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Non-Convexities in Quantitative General Equilibrium Studies of Business Cycles

  • Edward C. Prescott

This paper reviews the role of micro non-convexities in the study of business cycles. One important non-convexity arises because an individual can work only one workweek length in a given week. The implication of this non-convexity is that the aggregate intertemporal elasticity of labor supply is large and the principal margin of adjustment is in the number employed-not in the hours per person employed-as observed. The paper also reviews a business cycle model with an occasionally binding capacity constraint. This model better mimics business cycle fluctuations than the standard real business cycle model. Aggregation in the presence of micro non-convexities is key in the model.

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Paper provided by David K. Levine in its series Levine's Working Paper Archive with number 506439000000000372.

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Date of creation: 14 Mar 2003
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Handle: RePEc:cla:levarc:506439000000000372
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  1. Karl Shell & Randall Wright, 1991. "Indivisibilities, lotteries, and sunspot equilibria," Staff Report 133, Federal Reserve Bank of Minneapolis.
  2. Aubhik Khan & Julia K. Thomas, . "Nonconvex Factor Adjustments in Equilibrium Business Cycle Models: Do Nonlinearities Matter?," GSIA Working Papers 2000-E33, Carnegie Mellon University, Tepper School of Business.
  3. John Haltiwanger & Russell Cooper & Laura Power, 1999. "Machine Replacement and the Business Cycle: Lumps and Bumps," American Economic Review, American Economic Association, vol. 89(4), pages 921-946, September.
  4. Hansen, Gary D., 1985. "Indivisible labor and the business cycle," Journal of Monetary Economics, Elsevier, vol. 16(3), pages 309-327, November.
  5. Julia K. Thomas, 2002. "Is lumpy investment relevant for the business cycle?," Staff Report 302, Federal Reserve Bank of Minneapolis.
  6. Scott Freeman & Finn E. Kydland, 1998. "Monetary aggregates and output," Working Paper 9813, Federal Reserve Bank of Cleveland.
  7. Douglas Gollin, 2002. "Getting Income Shares Right," Journal of Political Economy, University of Chicago Press, vol. 110(2), pages 458-474, April.
  8. Prescott, Edward C & Townsend, Robert M, 1984. "General Competitive Analysis in an Economy with Private Information," International Economic Review, Department of Economics, University of Pennsylvania and Osaka University Institute of Social and Economic Research Association, vol. 25(1), pages 1-20, February.
  9. Arnold C. Harberger, 1968. "A Landmark in the Annals of Taxation," Canadian Journal of Economics, Canadian Economics Association, vol. 1(s1), pages 183-194, February.
  10. Terry J. Fitzgerald, 1996. "Work schedules, wages, and employment in a general equilibrium model with team production," Working Paper 9613, Federal Reserve Bank of Cleveland.
  11. Guiseppe Bertola & Ricardo J. Caballero, 1994. "Irreversibility and Aggregate Investment," Review of Economic Studies, Oxford University Press, vol. 61(2), pages 223-246.
  12. Edward C. Prescott, 1986. "Theory ahead of business cycle measurement," Staff Report 102, Federal Reserve Bank of Minneapolis.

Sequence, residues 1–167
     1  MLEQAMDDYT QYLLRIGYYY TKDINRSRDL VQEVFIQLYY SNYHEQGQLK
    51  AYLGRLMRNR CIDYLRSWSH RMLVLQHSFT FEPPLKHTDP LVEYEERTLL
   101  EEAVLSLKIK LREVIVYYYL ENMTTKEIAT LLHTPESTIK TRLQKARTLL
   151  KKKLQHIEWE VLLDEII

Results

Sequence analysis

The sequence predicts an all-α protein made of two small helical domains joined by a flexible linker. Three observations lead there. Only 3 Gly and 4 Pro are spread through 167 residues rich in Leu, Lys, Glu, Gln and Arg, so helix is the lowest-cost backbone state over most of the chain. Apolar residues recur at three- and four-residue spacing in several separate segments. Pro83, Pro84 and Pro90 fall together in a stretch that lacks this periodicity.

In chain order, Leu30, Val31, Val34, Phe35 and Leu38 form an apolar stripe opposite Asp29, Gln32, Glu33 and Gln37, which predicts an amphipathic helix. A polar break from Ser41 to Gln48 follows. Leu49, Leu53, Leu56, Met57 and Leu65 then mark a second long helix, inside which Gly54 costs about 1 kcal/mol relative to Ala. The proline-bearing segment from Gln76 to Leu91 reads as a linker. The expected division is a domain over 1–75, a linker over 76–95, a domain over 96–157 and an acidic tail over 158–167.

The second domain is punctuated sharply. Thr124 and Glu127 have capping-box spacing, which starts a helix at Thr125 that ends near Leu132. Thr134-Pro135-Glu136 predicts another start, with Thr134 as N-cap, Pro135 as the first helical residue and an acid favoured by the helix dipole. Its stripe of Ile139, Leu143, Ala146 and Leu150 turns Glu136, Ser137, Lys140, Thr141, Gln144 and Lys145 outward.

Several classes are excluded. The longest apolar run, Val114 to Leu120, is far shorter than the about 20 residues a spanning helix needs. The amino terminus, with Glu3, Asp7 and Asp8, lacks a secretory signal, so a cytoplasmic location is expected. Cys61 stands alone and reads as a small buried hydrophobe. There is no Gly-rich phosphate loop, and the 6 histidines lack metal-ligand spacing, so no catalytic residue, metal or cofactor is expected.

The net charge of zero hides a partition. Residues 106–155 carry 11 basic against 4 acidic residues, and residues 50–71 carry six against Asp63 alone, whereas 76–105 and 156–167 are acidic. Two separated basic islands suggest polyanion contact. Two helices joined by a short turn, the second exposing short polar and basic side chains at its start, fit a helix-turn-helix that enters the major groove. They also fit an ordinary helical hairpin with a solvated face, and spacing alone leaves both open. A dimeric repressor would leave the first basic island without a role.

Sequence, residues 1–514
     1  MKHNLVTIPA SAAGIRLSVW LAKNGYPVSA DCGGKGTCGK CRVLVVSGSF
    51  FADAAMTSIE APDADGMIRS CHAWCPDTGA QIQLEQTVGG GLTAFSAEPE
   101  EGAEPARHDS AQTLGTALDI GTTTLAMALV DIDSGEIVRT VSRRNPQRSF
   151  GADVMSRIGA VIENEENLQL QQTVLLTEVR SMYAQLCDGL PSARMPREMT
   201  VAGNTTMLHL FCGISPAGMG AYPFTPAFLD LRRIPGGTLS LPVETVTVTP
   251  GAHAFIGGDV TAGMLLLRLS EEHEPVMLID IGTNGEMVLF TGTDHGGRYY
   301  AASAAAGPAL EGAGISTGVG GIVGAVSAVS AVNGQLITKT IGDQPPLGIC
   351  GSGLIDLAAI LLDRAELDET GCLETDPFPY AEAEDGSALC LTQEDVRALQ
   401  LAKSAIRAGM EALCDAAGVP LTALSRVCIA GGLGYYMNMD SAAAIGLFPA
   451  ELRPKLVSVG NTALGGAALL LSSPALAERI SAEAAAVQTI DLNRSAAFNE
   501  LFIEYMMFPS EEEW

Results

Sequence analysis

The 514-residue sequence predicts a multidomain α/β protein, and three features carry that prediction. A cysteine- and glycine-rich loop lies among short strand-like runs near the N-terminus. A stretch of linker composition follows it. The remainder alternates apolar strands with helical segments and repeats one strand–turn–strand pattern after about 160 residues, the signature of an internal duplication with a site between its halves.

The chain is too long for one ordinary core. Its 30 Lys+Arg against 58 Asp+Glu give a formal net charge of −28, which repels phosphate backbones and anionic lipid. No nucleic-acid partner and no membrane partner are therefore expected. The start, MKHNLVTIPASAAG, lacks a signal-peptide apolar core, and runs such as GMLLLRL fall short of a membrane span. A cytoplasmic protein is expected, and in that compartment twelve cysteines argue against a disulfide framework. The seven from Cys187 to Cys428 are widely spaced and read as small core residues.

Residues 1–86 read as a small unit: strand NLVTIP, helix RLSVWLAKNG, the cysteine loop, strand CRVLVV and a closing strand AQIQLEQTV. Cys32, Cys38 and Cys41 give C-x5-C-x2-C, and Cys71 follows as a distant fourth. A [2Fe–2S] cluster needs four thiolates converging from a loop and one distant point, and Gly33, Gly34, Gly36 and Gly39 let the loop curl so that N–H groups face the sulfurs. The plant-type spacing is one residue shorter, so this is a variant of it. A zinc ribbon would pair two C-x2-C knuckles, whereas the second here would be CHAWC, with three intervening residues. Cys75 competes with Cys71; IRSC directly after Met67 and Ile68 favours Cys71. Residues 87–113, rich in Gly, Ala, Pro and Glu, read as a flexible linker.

13. Victoria Osuna & Jose-Victor Rios-Rull, 2003. "Implementing the 35 Hour Workweek by Means of Overtime Taxation," Review of Economic Dynamics, Elsevier for the Society for Economic Dynamics, vol. 6(1), pages 179-206, January.
  14. Jorgenson, Dale W & Yun, Kun-Young, 1990. "Tax Reform and U.S. Economic Growth," Journal of Political Economy, University of Chicago Press, vol. 98(5), pages S151-93, October.
  15. Lucas, Robert E, Jr & Rapping, Leonard A, 1969. "Real Wages, Employment, and Inflation," Journal of Political Economy, University of Chicago Press, vol. 77(5), pages 721-54, Sept./Oct.
  16. Ricardo J. Caballero & Eduardo M.R.A. Engel, 1991. "Dynamic (S,s) Economies," NBER Working Papers 3734, National Bureau of Economic Research, Inc.
  17. John B. Shoven & John Whalley, 1972. "A General Equilibrium Calculation of the Effects of Differential Taxation of Income from Capital in the U.S," Cowles Foundation Discussion Papers 328, Cowles Foundation for Research in Economics, Yale University.
  18. Gary D. Hansen & Edward C. Prescott, 2005. "Capacity constraints, asymmetries, and the business cycle," Review of Economic Dynamics, Elsevier for the Society for Economic Dynamics, vol. 8(4), pages 850-865, October.
  19. Timothy J. Kehoe & David K. Levine & Edward Prescott, 2000. "Lotteries, Sunspots and Incentive Constraints," Levine's Working Paper Archive 1974, David K. Levine.
  20. Rogerson, Richard, 1988. "Indivisible labor, lotteries and equilibrium," Journal of Monetary Economics, Elsevier, vol. 21(1), pages 3-16, January.
  21. Fernando Alvarez & Andrew Atkeson & Patrick J. Kehoe, 2000. "Money, interest rates, and exchange rates with endogenously segmented markets," Staff Report 278, Federal Reserve Bank of Minneapolis.
  22. Andrew B. Abel & Janice C. Eberly, 1996. "Optimal Investment with Costly Reversibility," Review of Economic Studies, Oxford University Press, vol. 63(4), pages 581-593.
  23. Robert J. Hodrick & Edward Prescott, 1981. "Post-War U.S. Business Cycles: An Empirical Investigation," Discussion Papers 451, Northwestern University, Center for Mathematical Studies in Economics and Management Science.
  24. Ellen R. McGrattan & Edward C. Prescott, 2001. "Taxes, regulations, and asset prices," Working Papers 610, Federal Reserve Bank of Minneapolis.
  25. Kydland, Finn E & Prescott, Edward C, 1982. "Time to Build and Aggregate Fluctuations," Econometrica, Econometric Society, vol. 50(6), pages 1345-70, November.
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